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Palestine

A disputed territory between the River Jordan and the Mediterranean. Early history (before 1914) It was ruled by the Kings of Judah until the expulsion of the Jewish ...

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World Encyclopedia

Reference type:
Subject Reference
Current Version:
2004
Subject:
Encyclopedias
Length:
487 words

... Territory in the Middle East, on the e shore of the Mediterranean Sea; considered a Holy Land by Jews, Christians and Muslims. Palestine has been settled continuously since 4000 bc . The Jews moved into Palestine from Egypt c .2000 bc but were subjects of the Philistines until c .1020 bc when Saul , David , and Solomon established Hebrew kingdoms. The region was then under Assyrian and, later, Persian control before coming under Roman rule in 63 bc . In succeeding centuries, Palestine became a focus of Christian pilgrimage. Muslim Arabs...

Palestine

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A Dictionary of British History (3 ed.)

Reference type:
Subject Reference
Current Version:
2015
Subject:
History, Regional and National History
Length:
143 words

... , awarded by the League of Nations to Britain as a mandate in 1922 , proved an uncomfortable responsibility. Balfour 's declaration in 1917 tried to square the circle by insisting that Britain would support a national home for the Jewish people while doing nothing to prejudice the position of the non‐Jewish peoples of Palestine. Persistent Jewish immigration provoked fierce Arab resistance. After the war, British control was shaken by economic difficulties, by Zionist terror groups, and by international sympathy towards Jewish settlement. The...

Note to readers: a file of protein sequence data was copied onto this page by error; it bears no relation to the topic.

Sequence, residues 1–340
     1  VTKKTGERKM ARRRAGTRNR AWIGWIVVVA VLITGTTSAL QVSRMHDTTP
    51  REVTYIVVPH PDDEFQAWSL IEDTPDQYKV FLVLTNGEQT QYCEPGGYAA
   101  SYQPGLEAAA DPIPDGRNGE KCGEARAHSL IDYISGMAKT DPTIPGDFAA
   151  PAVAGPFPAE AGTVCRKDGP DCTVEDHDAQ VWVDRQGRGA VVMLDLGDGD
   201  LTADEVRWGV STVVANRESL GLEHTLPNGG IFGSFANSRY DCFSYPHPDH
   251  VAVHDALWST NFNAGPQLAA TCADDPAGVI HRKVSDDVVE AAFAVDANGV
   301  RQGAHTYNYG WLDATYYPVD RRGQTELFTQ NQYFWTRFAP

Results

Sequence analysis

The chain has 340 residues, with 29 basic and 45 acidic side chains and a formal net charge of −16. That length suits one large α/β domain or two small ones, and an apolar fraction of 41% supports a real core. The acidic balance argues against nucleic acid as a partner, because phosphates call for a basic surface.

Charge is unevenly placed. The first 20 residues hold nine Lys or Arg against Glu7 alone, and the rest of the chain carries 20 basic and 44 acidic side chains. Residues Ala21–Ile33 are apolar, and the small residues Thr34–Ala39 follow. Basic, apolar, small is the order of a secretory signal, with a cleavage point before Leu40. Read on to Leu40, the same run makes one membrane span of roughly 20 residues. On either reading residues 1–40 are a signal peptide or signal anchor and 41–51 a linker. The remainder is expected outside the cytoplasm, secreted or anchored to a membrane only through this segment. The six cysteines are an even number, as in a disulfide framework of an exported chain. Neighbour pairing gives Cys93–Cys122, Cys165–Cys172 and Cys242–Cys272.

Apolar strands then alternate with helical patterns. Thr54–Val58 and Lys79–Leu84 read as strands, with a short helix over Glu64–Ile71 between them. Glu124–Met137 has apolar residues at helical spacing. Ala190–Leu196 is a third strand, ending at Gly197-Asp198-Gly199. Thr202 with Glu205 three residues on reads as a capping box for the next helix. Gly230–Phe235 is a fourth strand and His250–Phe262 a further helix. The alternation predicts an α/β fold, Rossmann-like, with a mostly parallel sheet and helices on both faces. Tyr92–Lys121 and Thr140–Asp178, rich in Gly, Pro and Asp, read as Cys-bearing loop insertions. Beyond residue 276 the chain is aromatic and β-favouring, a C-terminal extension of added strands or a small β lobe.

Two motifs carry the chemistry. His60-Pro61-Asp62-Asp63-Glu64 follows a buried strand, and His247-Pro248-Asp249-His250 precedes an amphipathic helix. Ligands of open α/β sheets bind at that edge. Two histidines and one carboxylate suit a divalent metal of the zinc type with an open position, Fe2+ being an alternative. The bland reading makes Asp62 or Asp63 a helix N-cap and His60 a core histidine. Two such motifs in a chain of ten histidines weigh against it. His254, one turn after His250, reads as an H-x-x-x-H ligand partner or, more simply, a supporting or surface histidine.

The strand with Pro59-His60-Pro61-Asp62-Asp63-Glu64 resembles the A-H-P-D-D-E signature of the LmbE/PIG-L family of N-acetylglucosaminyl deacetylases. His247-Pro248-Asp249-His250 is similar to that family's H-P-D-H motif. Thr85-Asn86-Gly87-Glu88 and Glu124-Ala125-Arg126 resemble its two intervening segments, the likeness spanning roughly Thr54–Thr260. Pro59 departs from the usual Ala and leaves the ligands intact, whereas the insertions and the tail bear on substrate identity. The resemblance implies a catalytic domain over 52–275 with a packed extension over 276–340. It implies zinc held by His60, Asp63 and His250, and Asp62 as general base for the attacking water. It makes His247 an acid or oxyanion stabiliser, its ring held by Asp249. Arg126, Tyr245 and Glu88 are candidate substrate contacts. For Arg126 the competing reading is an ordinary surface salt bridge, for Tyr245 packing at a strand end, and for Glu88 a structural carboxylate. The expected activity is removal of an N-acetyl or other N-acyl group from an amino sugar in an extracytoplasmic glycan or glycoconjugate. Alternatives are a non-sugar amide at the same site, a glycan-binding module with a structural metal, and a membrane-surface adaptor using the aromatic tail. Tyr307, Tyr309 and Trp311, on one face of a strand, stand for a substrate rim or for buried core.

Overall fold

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A Dictionary of Human Geography

Reference type:
Subject Reference
Current Version:
2013
Subject:
Social sciences, Human Geography
Length:
147 words

... A disputed territory in the Middle East , located between the shores of the eastern Mediterranean Sea and the River Jordan. After the state of Israel was created in 1948, millions of Jews (most from Europe) migrated to Palestine, while many Muslims moved outside Israel’s new borders into adjacent territories. Israel’s existence, never mind its exact boundaries, was immediately contentious, with many Arabs perceiving the new Jewish state as appropriating their territory . Subsequent friction between Israel and its neighbours led to armed conflict and...

Palestine

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A Dictionary of World History (3 ed.)

Reference type:
Subject Reference
Current Version:
2015
Subject:
History
Length:
274 words

...in the West Bank and Gaza Strip in 1993–95 ; Gaza has been under the control of the militant organization Hamas since 2007 . In December 2012 the UN General Assembly recognized Palestine as a ‘non-member observer state’ and in April 2015 Palestine became a member of the International Criminal Court. Over 130 countries now recognize the State of Palestine, including, from May 2015 , the...